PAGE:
The List

This is it… ‘The List.’

[cue dramatic music]

No no no. It’s not that bad.


Oh, come on. Seriously.

Everyone who has ever had a boat gets it. The moment water touched the hull the list started. Inconceivable is certainly no different. In fact, we knew we were taking on a project as soon as we stepped off the pier… After all, that was sort of the idea. But, what made Inconceivable so perfect for us was that she was sailable as is. We were not looking for a boat that would have to spend a year or more on the hard before we got any tiller time at all.

So, here, take a look at the list:


  • Fuel return line – replace
  • Electric fuel pump needs to be rewired
  • Coolant overflow Install
  • Transmission linkage misaligned
  • Test/check oil pressure light/transducer
  • Install engine compartment fan

Hoses and fittings:

  • fasten loose starboard cockpit scupper
  • Replace aging or non-marine spec hose clamps


  • Inspect/replace all zincs – rudder, centerboard, heat exchanger
  • Bottom paint


  • Anchor light lamp replace
  • All lamps replace with LEDs


  • Install windicater on masthead
  • Replace mainsail telltales and install telltales on shrouds
  • Replace main battens


  • Replace companionway frame woodwork and build new companionway boards(s)
  • Oil brightwork
  • Deal with peeling paint

Not bad, right? Each item on that list… we are talking a single day, or even just a few hours. But, it’s all still a thing, you know? And, before it was organized and written down – I might be standing on the deck, looking at the peeling paint, the raw faded brightwork, the cracked companionway frame… Argh!!!

At times, it does feel overwhelming. I was never really good at logistics. Writing stuff down helps – It encapsulates the work as a single volume of manageable pieces. When it starts to get into my head, all I have to do is consult the list. Now, since the required work is managed, I can start thinking about the non-essentials without feeling like the more urgent items will be overlooked. Speaking of non-essentials:


  • Buy a dinghy – preferably with a sailing rig
  • Install shore power
  • Install water system
  • Install battery meter

Major Upgrades:

  • Bow anchor locker
  • Propane system including stove

Dream Upgrades:

  • Chart plotter
  • Multifunction instruments including wind, speed, and depth
  • Solar
  • Wind power

The upgrades will come as we see fit. Our long term goals will make requirements out of some of these. But, for now, we will concentrate on the more immediate items from the repair and replace list.

As of this writing, we are less than a month from opening day at the marina. The few below the waterline items need addressing before that (we would like to be floating sooner than later). Also, I have already begun work on a couple of the engine items, requiring that those move up on the list, too.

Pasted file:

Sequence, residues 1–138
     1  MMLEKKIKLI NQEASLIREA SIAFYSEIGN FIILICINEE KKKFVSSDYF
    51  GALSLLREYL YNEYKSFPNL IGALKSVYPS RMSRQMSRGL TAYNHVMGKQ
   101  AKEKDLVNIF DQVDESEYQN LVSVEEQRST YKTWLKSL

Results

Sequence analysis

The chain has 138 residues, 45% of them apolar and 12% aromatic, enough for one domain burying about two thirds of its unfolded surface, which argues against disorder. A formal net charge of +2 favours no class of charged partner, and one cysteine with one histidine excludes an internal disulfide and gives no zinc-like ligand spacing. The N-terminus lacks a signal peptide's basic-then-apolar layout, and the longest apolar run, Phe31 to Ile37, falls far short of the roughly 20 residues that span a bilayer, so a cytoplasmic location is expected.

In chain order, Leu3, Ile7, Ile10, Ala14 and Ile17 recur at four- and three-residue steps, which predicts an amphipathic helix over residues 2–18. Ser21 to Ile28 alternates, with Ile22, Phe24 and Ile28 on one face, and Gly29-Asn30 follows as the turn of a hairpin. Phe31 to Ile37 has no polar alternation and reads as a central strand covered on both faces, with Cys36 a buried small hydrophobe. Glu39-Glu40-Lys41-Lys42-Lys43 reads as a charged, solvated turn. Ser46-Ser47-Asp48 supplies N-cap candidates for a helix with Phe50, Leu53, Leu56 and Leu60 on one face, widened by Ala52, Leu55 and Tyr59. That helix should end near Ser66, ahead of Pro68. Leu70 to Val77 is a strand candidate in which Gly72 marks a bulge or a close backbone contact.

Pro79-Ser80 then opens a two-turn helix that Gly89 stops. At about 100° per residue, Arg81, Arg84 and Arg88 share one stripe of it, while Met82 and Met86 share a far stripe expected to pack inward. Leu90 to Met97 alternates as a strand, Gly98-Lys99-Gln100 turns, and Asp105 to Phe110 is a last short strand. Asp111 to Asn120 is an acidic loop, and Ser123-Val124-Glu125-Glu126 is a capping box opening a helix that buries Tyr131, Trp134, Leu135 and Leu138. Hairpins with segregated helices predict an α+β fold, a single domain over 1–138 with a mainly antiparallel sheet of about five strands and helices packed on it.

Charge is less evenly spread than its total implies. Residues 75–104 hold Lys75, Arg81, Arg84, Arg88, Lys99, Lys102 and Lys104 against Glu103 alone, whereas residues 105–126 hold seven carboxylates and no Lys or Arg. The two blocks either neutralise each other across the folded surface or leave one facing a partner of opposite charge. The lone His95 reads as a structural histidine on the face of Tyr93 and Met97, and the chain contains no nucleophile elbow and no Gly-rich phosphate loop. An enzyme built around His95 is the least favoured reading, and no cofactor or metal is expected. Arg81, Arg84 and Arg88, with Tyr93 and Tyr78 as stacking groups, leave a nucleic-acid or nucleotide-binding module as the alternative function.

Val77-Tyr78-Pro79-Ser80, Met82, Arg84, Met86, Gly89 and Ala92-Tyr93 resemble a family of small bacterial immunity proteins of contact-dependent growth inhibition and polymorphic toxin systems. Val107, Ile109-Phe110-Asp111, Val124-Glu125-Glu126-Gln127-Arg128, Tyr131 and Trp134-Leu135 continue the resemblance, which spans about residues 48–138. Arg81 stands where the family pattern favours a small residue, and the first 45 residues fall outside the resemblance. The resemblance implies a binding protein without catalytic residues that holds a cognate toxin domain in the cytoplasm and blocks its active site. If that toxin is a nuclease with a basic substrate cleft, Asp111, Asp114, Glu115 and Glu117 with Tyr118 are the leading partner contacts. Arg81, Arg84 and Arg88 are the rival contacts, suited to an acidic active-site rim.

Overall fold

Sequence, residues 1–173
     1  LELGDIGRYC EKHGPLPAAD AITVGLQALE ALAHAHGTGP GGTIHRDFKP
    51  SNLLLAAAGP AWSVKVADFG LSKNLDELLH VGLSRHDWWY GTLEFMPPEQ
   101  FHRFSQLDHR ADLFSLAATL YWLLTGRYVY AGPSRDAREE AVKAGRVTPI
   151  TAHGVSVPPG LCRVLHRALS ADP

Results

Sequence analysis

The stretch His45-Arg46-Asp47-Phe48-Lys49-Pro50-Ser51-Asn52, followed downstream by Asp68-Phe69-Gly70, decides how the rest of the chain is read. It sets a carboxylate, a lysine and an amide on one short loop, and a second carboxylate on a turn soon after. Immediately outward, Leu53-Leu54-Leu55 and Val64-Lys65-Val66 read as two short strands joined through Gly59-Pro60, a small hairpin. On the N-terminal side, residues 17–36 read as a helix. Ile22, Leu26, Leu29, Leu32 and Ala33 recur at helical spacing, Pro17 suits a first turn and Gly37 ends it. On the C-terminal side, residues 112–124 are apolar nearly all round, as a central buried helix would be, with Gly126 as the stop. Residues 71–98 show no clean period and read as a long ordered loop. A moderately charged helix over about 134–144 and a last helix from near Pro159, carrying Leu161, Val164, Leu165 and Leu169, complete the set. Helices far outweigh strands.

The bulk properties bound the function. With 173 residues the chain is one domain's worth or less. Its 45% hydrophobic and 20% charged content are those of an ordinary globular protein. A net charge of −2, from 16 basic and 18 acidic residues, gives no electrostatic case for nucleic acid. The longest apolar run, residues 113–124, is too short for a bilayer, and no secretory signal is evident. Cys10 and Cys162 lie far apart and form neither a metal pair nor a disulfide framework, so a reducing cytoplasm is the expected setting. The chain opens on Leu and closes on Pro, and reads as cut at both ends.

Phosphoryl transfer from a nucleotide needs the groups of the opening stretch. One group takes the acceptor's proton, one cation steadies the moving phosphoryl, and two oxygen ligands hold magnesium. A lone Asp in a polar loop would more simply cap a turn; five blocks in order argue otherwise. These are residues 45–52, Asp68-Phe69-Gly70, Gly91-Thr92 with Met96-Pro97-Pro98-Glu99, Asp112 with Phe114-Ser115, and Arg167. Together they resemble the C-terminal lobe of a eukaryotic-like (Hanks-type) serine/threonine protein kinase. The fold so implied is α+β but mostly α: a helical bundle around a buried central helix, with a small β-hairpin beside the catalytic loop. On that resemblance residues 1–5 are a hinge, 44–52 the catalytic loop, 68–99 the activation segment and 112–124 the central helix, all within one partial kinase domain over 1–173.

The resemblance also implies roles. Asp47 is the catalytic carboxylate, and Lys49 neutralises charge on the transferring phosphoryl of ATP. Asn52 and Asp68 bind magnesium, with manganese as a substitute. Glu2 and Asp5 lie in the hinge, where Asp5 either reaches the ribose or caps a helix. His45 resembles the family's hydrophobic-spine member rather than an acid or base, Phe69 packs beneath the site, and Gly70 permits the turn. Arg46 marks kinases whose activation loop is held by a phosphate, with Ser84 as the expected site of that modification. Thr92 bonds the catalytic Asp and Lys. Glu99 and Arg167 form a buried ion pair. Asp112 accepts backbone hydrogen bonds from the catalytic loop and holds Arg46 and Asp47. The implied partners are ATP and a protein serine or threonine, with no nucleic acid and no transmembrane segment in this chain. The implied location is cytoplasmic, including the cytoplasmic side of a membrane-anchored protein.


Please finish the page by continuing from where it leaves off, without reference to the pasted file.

So, in the coming months, we will tackle these one by one. The plan is to use this site, YouTube, and social media to create a running report of our progress. A web maintenance log. And, we will throw in some sailing, too. Because, that’s what it’s all about.



Our first boat. My first boat.

My apologies to Lynn. Inconceivable is OUR boat. But, though it is not her first boat, it is mine. For that reason, this introductory post is personal — A light on the intimate relationship of a man and his first boat. I will be playing it a little fast and loose with the pronouns. I guess, for that reason, I should also apologize to the grammatically conscious readers struggling to get through my inelegantly crafted prose… But, I won’t – deal with it.

Our intention was to find a floating summer home — Something to satisfy my love of sailing and Lynn’s desire for a floating summer home. Little did I know, a year later, I would be in love with this pretty little boat in a way I never imagined possible, and find myself caring for her like a beloved member of the family.

From the first moment aboard… You know that feeling – Stepping onto a strange deck, getting that first reaction? Inconceivable felt right. Like a good handshake: Instantly engaged in the connection, open to developing a new relationship. That’s what it was like.

Over time, that feeling has developed into a close friendship. A few days away gets me all, “It’s time for a hang with Inconceivable.” Schedules are adjusted, plans are made, and I look forward to her approving nod as I walk up the dock. And, now, jumping aboard…

The handshake has turned into a hug. My feet and the deck connect. We speak to each other, we laugh, we dance. Her rigging sings a delightful song. It’s really quite beautiful.

Post Script: As of this writing, Inconceivable is on the hard. And, even though there is a long list of projects of varying urgency awaiting attention, I find myself longing for her return to the water. By the way, I am by no means a fair weather sailor. It’s just that a couple things on that list require access below the waterline. Still, I just want her back where she belongs — Afloat.